Expressing concern over continued violence in the Central African Republic and the resulting “massive new levels” of displacement, the United Nations refugee agency has underscored the need to ensure that relief workers are not made targets of hostilities and are given the humanitarian security they need to carry out their mission.
Displaced people carry belongings through the M’Poko airport camp in Bangui, Central African Republic. Photo: OCHA/Phil Moore
“Since May, fresh and fierce clashes between armed groups in the CAR have wrought increasing suffering, deaths and destruction of property,” said Andrej Mahecic, a spokesperson for the Office of the UN High Commissioner for Refugees (UNHCR).
“Many newly displaced people speak of having witnessed killings, robberies, lootings and kidnappings. Even after reaching safe locations, they often risk assault by armed groups, if they venture outside,” he added.
According to the UN agency, the crisis, well into its fourth year, has left one in every two Central African in need of humanitarian assistance or protection to survive and, if left to fester, the violence could negate the progress towards recovery in the country.
The violence has also driven over half a million people from CAR to seek refuge in neighbouring countries and displaced an additional 600,000 people within the country.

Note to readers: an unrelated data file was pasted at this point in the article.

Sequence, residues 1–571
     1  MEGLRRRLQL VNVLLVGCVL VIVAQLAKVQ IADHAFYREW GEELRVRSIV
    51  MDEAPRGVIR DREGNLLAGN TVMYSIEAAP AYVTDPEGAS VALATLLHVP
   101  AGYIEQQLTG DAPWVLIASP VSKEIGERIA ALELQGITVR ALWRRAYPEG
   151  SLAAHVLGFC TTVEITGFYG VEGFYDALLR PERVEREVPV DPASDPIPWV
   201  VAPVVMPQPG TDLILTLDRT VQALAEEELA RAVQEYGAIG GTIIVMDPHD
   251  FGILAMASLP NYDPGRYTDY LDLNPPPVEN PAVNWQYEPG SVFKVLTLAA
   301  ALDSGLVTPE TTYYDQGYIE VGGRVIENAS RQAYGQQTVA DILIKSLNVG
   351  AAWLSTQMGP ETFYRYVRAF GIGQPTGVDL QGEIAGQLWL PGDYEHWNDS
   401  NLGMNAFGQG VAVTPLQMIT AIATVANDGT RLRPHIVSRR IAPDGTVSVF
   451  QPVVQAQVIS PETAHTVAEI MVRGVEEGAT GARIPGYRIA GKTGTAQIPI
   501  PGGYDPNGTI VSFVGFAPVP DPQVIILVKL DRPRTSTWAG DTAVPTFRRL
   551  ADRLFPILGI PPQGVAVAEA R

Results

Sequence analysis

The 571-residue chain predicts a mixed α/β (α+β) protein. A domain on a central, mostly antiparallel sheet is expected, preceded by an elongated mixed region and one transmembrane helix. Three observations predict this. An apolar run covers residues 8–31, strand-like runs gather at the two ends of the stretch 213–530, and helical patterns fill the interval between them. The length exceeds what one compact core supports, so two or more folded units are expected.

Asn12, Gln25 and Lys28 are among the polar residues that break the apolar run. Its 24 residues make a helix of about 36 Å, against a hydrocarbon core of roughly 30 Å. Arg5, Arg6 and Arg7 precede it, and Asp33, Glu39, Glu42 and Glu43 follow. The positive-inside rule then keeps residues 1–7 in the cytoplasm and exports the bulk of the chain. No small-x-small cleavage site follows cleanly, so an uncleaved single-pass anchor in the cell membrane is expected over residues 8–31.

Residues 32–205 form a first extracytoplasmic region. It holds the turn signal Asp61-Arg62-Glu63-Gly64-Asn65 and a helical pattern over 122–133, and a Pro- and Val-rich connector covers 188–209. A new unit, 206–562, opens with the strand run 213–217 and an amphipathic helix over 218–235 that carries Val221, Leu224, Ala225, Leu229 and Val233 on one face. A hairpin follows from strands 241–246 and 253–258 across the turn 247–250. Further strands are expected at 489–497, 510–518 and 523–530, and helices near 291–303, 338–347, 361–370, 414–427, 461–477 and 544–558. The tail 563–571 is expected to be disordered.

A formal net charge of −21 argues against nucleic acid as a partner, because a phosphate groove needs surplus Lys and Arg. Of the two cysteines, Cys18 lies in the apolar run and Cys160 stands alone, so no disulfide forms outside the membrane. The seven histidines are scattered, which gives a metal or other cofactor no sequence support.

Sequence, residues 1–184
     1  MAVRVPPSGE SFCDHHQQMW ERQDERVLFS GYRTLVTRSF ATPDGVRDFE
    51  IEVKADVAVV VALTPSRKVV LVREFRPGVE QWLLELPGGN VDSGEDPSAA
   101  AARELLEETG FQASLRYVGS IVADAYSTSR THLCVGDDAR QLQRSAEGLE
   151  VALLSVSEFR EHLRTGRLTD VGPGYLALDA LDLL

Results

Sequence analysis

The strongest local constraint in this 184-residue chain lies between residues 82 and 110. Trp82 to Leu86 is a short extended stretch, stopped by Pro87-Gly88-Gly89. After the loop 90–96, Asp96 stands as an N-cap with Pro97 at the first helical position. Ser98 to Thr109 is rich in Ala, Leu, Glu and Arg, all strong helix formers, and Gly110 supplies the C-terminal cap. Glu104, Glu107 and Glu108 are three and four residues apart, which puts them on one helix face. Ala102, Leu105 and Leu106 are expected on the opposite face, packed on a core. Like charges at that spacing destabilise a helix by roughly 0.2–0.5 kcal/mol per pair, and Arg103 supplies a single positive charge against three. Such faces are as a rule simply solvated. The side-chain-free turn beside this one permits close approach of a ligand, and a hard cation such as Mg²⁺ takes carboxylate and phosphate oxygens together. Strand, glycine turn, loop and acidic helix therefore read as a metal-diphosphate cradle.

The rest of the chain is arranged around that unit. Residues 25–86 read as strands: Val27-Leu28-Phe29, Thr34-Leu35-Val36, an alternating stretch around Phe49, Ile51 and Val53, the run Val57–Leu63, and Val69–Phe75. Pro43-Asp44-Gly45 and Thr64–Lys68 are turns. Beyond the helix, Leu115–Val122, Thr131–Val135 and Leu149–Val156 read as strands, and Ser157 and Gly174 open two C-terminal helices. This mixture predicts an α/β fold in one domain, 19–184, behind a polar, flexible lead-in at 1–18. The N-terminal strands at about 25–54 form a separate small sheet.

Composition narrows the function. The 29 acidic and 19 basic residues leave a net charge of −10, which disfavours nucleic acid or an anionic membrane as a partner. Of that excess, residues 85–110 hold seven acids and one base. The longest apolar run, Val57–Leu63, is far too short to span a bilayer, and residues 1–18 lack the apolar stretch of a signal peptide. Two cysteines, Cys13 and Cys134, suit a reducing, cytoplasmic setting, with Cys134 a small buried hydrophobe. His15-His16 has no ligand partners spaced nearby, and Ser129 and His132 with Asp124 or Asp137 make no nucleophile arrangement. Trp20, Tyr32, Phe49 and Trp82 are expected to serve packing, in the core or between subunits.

The level of insecurity has also prevented UNHCR and other relief organizations to fully assess the full extent of damage or displacement from the recent violence.
“Some of our planned humanitarian deliveries by air have also been delayed or blocked, due to the armed groups’ presence [and] aid agencies, including UNHCR, are increasingly among those targeted by armed groups and have, in some instances, been compelled to temporary withdraw their personnel,” said Mr. Mahecic.
“Despite the challenges, we continue to help those displaced in areas like the Haute-Kotto provincial capital of Bria, which was at the centre of much of the displacement in the east,” he added, noting that the UN agency’s response is struggling due to lack of resources.
Earlier this year, UNCHR issued an appeal for $209 million for its operations within the country as well as to assist refugees from the Central African Republic in neighbouring countries. However, only 9 per cent of the appeal has been funded thus far.